I’ve thrown together the sequence diagram below as an overview of the life of a Gotling simulation. It’s not 100% accurate and has a number of omitted participants for the sake of clarity. From a Golang perspective, all async invocations are functions called with the ‘go’ keyword making the specified function run concurrently in its own goroutine. The main async thresholds in the application are:

  • Starting the Web Socket server
  • Starting each ‘User’
  • Reporting action outcome to the resultshandler (over a channel)
  • Assembling per-second aggregation
  • Transforming to JSON and sending over the Web Socket

Sequence diagram

Code samples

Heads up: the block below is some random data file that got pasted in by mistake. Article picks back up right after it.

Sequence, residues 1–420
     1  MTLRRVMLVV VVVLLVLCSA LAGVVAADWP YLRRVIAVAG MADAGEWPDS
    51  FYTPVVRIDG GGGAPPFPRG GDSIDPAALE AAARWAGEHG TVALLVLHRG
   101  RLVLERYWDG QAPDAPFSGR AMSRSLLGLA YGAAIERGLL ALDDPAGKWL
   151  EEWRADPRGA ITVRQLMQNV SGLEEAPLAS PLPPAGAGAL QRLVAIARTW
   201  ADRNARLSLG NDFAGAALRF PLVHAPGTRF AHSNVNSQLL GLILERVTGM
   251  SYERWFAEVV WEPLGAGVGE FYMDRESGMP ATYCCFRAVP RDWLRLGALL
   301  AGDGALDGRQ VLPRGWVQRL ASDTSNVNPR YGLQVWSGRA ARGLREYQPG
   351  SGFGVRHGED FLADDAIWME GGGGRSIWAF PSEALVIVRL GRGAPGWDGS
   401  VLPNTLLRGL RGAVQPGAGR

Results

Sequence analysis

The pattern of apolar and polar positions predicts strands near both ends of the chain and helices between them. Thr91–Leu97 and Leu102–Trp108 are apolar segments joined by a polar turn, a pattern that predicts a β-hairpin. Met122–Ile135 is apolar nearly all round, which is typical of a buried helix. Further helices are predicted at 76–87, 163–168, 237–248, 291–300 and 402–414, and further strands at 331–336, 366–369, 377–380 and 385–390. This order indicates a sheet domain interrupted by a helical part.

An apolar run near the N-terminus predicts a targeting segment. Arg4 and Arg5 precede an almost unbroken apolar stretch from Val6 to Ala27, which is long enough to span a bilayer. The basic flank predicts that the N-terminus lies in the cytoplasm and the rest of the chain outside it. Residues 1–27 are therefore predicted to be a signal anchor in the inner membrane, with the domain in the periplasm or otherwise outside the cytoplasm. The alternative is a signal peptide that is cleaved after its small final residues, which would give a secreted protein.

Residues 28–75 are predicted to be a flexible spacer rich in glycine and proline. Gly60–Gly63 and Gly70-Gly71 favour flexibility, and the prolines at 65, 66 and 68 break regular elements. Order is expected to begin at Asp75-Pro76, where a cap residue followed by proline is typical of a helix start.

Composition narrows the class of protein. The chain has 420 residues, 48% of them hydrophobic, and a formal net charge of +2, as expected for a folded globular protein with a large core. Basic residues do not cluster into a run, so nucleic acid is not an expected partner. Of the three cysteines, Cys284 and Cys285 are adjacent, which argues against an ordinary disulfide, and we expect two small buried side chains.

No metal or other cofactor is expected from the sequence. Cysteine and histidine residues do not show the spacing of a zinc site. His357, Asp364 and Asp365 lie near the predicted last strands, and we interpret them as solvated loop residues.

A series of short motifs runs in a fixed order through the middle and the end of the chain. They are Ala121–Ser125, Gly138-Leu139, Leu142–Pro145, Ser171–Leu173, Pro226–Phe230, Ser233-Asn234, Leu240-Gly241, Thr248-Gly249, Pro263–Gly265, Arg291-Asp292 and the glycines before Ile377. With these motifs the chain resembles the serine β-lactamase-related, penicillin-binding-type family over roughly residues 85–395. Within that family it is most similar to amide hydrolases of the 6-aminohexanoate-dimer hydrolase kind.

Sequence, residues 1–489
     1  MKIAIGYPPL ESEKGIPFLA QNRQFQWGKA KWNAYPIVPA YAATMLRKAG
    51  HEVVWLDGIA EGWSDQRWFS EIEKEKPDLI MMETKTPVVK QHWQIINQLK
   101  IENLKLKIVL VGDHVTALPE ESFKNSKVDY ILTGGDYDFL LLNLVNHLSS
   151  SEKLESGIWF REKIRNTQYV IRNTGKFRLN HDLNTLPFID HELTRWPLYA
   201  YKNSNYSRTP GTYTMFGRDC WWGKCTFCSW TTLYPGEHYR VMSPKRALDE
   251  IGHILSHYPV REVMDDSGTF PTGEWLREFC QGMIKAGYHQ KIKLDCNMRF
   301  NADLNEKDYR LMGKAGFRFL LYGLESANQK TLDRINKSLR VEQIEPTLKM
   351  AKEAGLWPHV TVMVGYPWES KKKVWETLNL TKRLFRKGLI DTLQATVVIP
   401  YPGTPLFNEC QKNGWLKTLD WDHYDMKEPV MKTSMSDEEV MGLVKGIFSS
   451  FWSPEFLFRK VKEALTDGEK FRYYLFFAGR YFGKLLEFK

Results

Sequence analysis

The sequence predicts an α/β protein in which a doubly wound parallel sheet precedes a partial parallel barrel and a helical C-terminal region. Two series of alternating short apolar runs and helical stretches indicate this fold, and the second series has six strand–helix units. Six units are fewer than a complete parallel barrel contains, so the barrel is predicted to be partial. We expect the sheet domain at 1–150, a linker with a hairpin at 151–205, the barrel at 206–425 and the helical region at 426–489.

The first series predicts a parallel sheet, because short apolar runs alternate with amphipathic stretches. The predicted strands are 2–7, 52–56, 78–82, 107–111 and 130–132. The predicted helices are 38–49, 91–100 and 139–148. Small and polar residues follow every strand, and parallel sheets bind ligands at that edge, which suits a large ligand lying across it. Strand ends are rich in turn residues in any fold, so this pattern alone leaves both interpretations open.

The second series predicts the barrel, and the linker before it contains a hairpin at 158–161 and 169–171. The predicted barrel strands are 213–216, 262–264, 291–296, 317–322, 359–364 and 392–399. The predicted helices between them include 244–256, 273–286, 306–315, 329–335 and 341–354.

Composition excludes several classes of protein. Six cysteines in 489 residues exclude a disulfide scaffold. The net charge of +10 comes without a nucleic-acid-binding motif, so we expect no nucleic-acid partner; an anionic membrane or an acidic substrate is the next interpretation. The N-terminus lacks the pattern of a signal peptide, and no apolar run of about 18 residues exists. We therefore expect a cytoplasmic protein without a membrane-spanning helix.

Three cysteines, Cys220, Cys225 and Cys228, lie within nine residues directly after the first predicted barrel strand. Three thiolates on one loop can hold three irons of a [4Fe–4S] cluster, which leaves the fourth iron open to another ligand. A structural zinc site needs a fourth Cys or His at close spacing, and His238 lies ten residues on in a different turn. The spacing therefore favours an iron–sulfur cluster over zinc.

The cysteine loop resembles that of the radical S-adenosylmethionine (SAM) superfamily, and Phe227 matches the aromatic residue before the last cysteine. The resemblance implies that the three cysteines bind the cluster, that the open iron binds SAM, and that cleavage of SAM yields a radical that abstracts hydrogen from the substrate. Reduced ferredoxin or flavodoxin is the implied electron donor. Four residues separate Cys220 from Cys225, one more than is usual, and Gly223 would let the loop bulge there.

The snippet of code below showcases many core features of the Go language - the spawnUsers function runs on the main thread and launches “users” using the go keyword in a conccurent manner:

// Function declaration. Takes a pointer to a TestDef struct and an array of interface{} as arguments.
// Note that one declares variables in golang with name followed by type.
func spawnUsers(t *TestDef, actions []Action) {  

    // Here we see the := operator in use - the compiler will later infer the type based on what the right-hand expression returns.
    // The make(chan ...) declares a channel of type HttpReqResult with a buffer size of 10000.
    resultsChannel := make(chan HttpReqResult, 10000)
    
    // Note use of 'go' keyword. This invokes the acceptResults function in a new goroutine, passing the resultsChannel
    // channel as argument.
    go acceptResults(resultsChannel)
    
    // WaitGroups is a simple counter-based lock mechanism. The "main" thread will block at wg.Wait() until the internal